Have you ever looked for or seen lists of Bible promises? Psalm 37:4 probably appears on most of them. According to the New American Standard Bible, it’s “Delight yourself in the Lord; And He will give you the desires of your heart.”
It’s such a great promise. Unfortunately, it’s easy to miss what the verse actually says. We make it say what we wish it said instead. Even some modern Bible translations fall into that trap.
The New Century Version, among others, misses the point badly: “Enjoy serving the Lord, and he will give you what you want.”
Claiming a promise God doesn’t actually make can lead to heartbreak and loss of faith.
What God doesn’t promise in Psalm 37:4
The New Century Version is one of several intended to be easy to read. We need translations like that. They make great introductions to Scripture for people who have trouble reading more literal translations.
Lots of people have trouble with the King James Version. Almost as many people stumble over more modern translations. The New American Standard Bible is the most literal of them, and also the least easily readable.
I have a friend who now leads Bible studies. When she first became a Christian, she got the more readable New International Version and still had no idea what the Bible was about. She went out and bought a children’s Bible so she could understand it. Think of the translations made mostly for easy reading as children’s Bibles–whether for literal children or, in the case of my friend, infants in the faith. Sooner or later, mature Christians need to graduate to mature translations that aim mostly at accuracy.
Sometimes in the attempt to be easy to read, a translation or paraphrase can carelessly mislead. In the case of Psalm 37:4, the New Century Version unwittingly presents what too many Christians wish the verse meant. It also gives opportunity to examine this common error.
The substitution of “enjoy” for “delight yourself in” may help a lot of people. It comes closer to the way people actually talk.
But where does it get enjoy serving the Lord? That immediately takes the readers’ focus from God himself to what they do for him. In fact, the verse invites us to enjoy God, not our own activity.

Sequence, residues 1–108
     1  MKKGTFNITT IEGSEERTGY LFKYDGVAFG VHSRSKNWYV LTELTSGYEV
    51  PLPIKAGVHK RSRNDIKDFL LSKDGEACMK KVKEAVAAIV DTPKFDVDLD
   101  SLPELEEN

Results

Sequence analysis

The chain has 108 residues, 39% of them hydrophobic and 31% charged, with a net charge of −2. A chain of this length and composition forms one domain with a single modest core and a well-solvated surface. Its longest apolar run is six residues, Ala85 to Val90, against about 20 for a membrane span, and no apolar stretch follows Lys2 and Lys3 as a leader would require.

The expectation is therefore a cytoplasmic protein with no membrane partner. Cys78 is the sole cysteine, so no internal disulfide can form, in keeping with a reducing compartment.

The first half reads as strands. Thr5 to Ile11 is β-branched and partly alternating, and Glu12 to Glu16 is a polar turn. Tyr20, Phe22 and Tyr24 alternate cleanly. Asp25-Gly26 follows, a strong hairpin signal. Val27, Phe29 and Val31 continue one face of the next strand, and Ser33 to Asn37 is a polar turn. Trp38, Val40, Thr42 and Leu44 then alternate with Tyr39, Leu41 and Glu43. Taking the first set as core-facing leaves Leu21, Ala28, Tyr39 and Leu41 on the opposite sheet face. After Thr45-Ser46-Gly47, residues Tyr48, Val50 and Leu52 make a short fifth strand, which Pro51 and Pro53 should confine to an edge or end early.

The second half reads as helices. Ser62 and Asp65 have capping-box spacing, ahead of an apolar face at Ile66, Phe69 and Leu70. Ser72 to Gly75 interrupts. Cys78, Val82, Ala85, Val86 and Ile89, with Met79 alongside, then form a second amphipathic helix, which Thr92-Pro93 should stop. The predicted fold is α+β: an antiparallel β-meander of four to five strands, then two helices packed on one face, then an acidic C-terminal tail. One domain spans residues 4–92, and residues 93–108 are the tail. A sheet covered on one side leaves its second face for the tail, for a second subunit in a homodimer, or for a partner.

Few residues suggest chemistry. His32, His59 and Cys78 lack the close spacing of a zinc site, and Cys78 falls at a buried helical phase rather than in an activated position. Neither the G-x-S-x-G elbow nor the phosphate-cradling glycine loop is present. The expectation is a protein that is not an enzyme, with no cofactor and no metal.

I must confess that for years I took the promise as meaning that God would give me what I wanted. And he never did. I became angry with God. It seemed he had broken a very explicit promise. My anger took me even farther away from the actual promise. I was not delighting in him!
Let’s examine what the much more accurate New American Standard Bible says. Or you can look at dozens of other English translations.
Examining God’s promise in Psalm 37:4
Whatever God promises to give hinges on the first part of the verse. Delight yourself in the Lord. Or, if you prefer, enjoy God.
The Bible contains many conditional promises. The most common and basic way of expressing a condition is “if. . . then.” That simple “and” in the middle of the verse as much as makes it mean, “If you delight yourself in the Lord, then he will give you the desires of your heart.”
We can’t expect the desires of our heart apart from enjoying God. So if we enjoy God, then he promises to give us what we want? Not quite.
Let’s remember basic grammar.
A sentence has a subject and a verb. Some verbs require a direct object. These are the structural parts of a sentence. Other parts can add to the meaning, but we need to account for the structure before we can consider them.
He. Will give. Desires.
Do you see? This verse promises desires, not the thing desired.
I can desire all kinds of things. Seeing an advertisement may trigger a desire. It may even trigger a desire for something good and beneficial. Just not the kind of desire that God gives when I actively enjoy him.
When we consider that prepositional phrase “of your heart,” we see that God promises to put desires in the very depth of our being. And those are the ones he will satisfy.
When we want to a claim a promise of God for ourselves, let’s examine it carefully and see its meaning. God promises much greater blessings than the ones our flesh can twist from a half-understood verse.